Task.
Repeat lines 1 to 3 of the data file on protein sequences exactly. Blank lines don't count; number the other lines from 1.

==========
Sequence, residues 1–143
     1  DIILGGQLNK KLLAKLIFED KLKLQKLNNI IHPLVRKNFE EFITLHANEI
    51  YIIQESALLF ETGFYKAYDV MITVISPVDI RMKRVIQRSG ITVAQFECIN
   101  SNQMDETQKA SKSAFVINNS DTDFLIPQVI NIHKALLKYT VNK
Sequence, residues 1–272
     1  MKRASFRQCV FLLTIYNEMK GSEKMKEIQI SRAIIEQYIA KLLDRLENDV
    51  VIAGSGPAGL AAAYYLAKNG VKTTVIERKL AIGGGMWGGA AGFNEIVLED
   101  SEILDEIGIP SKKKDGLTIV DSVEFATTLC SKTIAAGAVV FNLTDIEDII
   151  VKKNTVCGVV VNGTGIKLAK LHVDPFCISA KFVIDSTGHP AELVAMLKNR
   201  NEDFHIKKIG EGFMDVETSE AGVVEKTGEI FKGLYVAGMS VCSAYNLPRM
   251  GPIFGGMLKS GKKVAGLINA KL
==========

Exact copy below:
Sequence, residues 1–143
     1  DIILGGQLNK KLLAKLIFED KLKLQKLNNI IHPLVRKNFE EFITLHANEI
    51  YIIQESALLF ETGFYKAYDV MITVISPVDI RMKRVIQRSG ITVAQFECIN